Researchers at the University of Michigan may have found a way to improve heart transplant outcomes by extending the shelf life of an organ outside the body.
Dr. Paul Tang and his team found they could increase the production of a beneficial enzyme through drugs, which could potentially double the amount of time a donor heart could be in cold storage. The drug may also reduce the chances of heart transplant failure, according to the study published last week in the journal Science Transitional Medicine.
“This technology that causes donor hearts to develop adaptive responses to existence outside the body could lead to a paradigm shift in not only extending the time a heart can be outside the donor for transport, but also to improve cardiac function after transplantation,” said Dr. Tang, lead study author and heart transplant surgeon for the University of Michigan Health.
“Being able to expand core storage by uncovering the pathways that define and modulate preservation biology is the first step toward the ultimate goal of organ banking.”
Hundreds of thousands of Americans with heart failure could benefit from a transplant each year, but only about 4,000 heart transplants are performed each year, according to the University of Michigan.
The way professionals preserve organs hasn’t changed much in the past 40 to 50 years, Tang said. The idea is to keep them cold and transplant them to the recipients within four hours. Even then, transplants can fail about 10-20% of the time because stress on the heart can prevent it from pumping blood through the body properly.
The drug Tang’s team used in their study is called valproic acid. It is already approved to treat seizures, bipolar disorder and for the prevention of migraines.
In short, the drug flips a switch to produce a beneficial metabolite with antioxidant and anti-inflammatory properties. This metabolite, which is known to reduce inflammation in the presence of bacterial infection, may also reduce stress on the heart during storage/transportation.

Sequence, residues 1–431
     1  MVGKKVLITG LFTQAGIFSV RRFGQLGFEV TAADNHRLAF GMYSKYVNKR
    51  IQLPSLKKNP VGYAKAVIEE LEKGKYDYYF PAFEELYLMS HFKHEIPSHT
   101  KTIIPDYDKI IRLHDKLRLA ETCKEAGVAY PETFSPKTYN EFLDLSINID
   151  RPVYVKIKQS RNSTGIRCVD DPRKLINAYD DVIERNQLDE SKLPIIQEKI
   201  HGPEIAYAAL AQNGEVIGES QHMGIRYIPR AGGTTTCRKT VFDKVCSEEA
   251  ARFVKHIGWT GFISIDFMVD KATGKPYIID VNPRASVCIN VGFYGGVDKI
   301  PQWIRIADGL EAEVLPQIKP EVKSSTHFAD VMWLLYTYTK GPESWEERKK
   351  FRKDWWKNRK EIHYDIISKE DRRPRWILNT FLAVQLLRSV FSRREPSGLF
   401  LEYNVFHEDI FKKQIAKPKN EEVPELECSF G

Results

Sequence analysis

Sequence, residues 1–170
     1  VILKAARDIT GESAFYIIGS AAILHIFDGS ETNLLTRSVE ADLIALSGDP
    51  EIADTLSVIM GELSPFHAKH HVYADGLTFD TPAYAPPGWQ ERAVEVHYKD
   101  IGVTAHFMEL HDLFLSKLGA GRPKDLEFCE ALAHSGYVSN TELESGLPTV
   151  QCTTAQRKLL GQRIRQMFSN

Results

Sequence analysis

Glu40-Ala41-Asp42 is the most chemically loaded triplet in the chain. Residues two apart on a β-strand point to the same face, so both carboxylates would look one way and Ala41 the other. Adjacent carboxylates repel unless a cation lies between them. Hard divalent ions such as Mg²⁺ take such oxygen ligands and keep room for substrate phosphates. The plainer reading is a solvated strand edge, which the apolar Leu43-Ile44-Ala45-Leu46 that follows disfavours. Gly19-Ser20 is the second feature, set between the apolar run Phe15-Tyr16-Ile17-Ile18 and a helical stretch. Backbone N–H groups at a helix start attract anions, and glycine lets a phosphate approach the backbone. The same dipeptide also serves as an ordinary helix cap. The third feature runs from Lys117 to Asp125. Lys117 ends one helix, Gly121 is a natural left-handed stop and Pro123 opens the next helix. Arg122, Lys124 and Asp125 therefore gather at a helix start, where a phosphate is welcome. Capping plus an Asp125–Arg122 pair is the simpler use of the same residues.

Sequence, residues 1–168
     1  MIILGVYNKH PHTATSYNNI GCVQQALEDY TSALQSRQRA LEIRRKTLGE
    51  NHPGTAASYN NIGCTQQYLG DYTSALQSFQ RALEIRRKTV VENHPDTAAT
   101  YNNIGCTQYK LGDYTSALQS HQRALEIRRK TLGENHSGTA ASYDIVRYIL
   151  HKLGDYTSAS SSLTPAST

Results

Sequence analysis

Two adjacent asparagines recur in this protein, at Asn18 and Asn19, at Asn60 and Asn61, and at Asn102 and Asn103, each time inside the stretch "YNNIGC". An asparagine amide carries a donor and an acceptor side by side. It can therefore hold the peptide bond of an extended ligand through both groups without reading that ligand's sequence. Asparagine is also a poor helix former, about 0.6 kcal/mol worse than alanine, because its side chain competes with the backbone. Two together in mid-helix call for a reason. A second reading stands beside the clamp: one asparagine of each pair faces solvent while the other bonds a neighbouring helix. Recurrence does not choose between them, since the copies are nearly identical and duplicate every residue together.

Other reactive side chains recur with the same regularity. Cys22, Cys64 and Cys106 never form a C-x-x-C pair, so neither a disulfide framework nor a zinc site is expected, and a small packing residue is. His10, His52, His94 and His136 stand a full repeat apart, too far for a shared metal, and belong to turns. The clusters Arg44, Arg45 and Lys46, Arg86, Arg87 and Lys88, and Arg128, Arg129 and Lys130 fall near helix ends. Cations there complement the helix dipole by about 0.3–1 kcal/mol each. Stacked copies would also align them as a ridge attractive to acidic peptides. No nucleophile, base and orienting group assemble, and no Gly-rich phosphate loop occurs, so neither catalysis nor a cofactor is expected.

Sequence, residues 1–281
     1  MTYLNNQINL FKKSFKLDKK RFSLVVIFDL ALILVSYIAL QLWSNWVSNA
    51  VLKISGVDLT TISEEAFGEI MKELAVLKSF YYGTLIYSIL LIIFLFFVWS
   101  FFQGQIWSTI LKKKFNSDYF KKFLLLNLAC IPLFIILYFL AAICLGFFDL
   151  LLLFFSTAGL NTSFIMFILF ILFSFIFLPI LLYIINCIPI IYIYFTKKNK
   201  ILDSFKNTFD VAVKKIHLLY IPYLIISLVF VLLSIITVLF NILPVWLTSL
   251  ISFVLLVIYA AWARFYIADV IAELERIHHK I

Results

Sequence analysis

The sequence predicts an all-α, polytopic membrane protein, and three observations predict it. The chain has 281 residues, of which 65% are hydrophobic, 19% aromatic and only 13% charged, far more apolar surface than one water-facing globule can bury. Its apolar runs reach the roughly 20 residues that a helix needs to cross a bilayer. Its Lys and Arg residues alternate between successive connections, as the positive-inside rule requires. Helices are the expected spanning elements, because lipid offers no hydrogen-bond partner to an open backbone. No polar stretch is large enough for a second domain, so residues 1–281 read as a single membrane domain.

“If you turn on this gene, it will benefit the heart by really reducing all the oxidative stress,” he said. “When you have a heart that is stored there are harmful metabolites that cause inflammation and oxidative stress and there are more of them the longer the heart is stored. By regulating this gene, we can really stop and significantly reduce the buildup effects of these harmful metabolites and also activate anti-inflammatory and antioxidant proteins.
Thanks to the drug, the heart could be stored longer, which would widen the radius at which donors and recipients could be matched.
Tang said the process could also be relevant for kidney, liver, lung and other organ transplants, as well as non-transplant surgeries where surgeons step in and stop the heart to fix a valve or do a bypass. .
Tang’s team tested the process in animal trials and in stored human hearts. The next step is to apply to the US Food and Drug Administration for permission to begin a trial involving transplant patients.
“The molecular biology field of organ preservation really doesn’t exist right now,” Tang said. “We’re starting, but that’s what we need to move forward and make the world a better place, I guess.
“It may sound like science fiction, but maybe one day, maybe 100 years from now, this could be the basis for people’s cryopreservation to go to other planets or stars. Who knows, but it have to start somewhere.
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